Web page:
Aspen or Spruce ribs in Old Town HW?

Canoe Junkie

Lunatic Fringe Canoeist
First post here.
I received the build sheet from OT for my 1921 HW # 67304. Next to "planking" on the sheet are the words "Aspen Spruce" My thoughts were that OT used only cedar for ribs, so since there is no place on the sheet for ribs, can one assume they are one of these woods or is it actually cedar?
 
Welcome, the build record for the Old Town serial number 67304 appears to have "Open Spruce" written on the planking line as shown in the attachment below. My guess is that this is a clerical error since that phrase is usually written on the next line down to indicate that the canoe has open spruce gunwales. The ribs are typically white cedar and the planking is usually red western cedar as described at http://www.wcha.org/catalogs/old-town/specific.gif from a period catalog. The image at http://forums.wcha.org/attachment.php?attachmentid=11403&d=1278023924 shows a more typical example of a build record from this era. Can you tell what woods were used to build each of these parts in your canoe and if it has open gunwales?

Benson
 

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See attached pic. The gunwales are open, but the outwales do not "appear" to be ash as described in the record nor does the deck or thwarts. they will likely be replaced anyway. The inwales appear to be similar in grain/color as the ribs.
 

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The person filling out the build record form is one line off-- the gunwales are spruce (inwales and outwales)-- the decks, thwarts, and seat frames are ash. So-- ribs are cedar, inwales and outwales are spruce, and decks/thwarts/seats are ash (unless they have been replaced at some point).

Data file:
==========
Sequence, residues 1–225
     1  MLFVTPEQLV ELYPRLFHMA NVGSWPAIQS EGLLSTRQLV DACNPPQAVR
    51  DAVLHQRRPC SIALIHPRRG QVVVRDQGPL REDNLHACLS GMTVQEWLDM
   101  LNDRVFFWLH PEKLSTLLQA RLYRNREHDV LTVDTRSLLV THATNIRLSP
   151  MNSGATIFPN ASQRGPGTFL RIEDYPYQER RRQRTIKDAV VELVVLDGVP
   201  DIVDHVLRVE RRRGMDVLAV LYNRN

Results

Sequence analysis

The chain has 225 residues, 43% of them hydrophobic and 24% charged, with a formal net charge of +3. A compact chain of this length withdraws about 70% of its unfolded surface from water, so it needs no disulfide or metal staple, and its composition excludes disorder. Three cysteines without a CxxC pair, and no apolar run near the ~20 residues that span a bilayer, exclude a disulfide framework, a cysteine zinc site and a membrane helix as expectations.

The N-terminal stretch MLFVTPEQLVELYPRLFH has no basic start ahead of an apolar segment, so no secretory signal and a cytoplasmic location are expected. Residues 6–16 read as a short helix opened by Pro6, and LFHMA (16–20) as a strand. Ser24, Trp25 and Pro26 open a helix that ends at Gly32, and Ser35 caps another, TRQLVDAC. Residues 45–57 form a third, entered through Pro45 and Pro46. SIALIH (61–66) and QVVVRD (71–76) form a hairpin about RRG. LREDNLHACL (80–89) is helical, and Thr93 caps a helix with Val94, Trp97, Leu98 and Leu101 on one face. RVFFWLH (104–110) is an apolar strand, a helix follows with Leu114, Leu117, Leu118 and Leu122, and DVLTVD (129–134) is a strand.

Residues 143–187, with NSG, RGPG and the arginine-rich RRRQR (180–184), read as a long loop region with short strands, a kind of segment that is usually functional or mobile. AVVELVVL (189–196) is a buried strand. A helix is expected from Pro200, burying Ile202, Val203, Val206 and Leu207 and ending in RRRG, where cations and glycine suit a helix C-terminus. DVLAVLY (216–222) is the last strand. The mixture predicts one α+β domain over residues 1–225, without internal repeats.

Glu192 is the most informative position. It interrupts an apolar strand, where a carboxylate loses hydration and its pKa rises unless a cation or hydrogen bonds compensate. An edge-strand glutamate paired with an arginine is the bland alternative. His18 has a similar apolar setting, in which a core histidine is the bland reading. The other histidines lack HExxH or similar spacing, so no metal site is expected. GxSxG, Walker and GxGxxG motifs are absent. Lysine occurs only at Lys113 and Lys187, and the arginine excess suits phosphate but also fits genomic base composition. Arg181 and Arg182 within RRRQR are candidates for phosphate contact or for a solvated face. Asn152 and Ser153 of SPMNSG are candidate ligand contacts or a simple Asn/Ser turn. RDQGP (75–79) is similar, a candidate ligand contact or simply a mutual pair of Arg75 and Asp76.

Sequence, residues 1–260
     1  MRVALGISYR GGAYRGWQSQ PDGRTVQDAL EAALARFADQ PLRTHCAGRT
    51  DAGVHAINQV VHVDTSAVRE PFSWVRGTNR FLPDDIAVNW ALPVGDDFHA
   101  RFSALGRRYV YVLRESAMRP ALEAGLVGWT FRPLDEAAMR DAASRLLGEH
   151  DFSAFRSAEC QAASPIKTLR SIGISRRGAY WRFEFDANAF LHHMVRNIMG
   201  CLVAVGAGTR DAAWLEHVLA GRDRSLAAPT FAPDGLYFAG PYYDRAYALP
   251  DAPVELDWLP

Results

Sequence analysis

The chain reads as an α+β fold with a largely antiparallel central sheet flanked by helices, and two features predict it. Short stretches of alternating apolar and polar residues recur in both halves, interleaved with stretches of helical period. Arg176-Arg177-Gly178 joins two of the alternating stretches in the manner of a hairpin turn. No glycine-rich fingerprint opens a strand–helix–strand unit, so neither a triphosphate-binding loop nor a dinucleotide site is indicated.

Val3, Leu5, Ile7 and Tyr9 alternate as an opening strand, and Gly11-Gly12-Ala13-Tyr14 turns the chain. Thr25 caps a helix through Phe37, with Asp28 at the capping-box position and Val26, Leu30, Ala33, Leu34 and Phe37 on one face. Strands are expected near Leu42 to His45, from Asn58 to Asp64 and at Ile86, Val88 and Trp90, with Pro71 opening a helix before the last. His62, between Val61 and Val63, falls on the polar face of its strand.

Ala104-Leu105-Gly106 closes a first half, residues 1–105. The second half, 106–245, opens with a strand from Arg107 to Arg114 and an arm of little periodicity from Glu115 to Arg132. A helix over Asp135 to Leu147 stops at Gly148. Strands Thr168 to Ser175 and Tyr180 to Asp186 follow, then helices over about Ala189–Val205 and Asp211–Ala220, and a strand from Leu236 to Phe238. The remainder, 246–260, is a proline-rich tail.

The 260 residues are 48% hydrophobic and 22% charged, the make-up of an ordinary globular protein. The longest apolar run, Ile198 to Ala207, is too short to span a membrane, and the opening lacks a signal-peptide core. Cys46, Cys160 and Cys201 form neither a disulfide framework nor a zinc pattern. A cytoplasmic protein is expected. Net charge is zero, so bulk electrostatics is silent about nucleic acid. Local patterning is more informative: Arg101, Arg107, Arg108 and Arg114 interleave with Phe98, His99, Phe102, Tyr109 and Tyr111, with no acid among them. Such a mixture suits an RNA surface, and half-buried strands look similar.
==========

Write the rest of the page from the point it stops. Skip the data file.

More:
Kathy
 
Thanks for the replies. As for replacing the gunwales, I see only the following gunwales available: GUIDE, MOLITOR, OTCA, TRAPPER or STRAIGHT. The model is an HW, so what would be the correct gunwale?
 
Others here with on-hands restoration experience will chime-in, but in general the restoration of a canoe usually involves re-making the parts you are replacing. The HW model was discontinued in the early 1950s. You may find that you can use the old outwale as a template for making the new outwale. Or, you could order a straight wale of appropriate length and steam it and clamp it to the inwale and it will take the appropriate shape.

An advantage of these forums is that even if an old part is completely missing, someone in the group could send you enough information to re-create the new part.

If you are considering replacement of decks, please understand that the new Old Town decks are different from the old ones and you might be able to splice-in a replacement for a damaged area.
 
As for replacing the gunwales, I see only the following gunwales available: GUIDE, MOLITOR, OTCA, TRAPPER or STRAIGHT. The model is an HW, so what would be the correct gunwale?

The Otca gunwale would be the closest one for your HW. However, most old wooden canoes have changed shape over time so a straight gunwale that has been steamed and bent to match the exact curves of your canoe will give you the best results as Kathy mentioned. A separate form with some extra curve to compensate for the 'spring back' would be even better.

Benson
 
another thought

Many times inwales that have just the tips rotted away can have new tips spliced in. You get to keep more of the original canoe that way. Same thing for decks, like Kathy mentioned.
 
Thanks for all your replies.
One more question, now that Dave mentioned it. Speaking of rotting tips... if a rib is intact, but the ends rotted away, do folks still splice in a new end, or are you replacing the whole rib?
 
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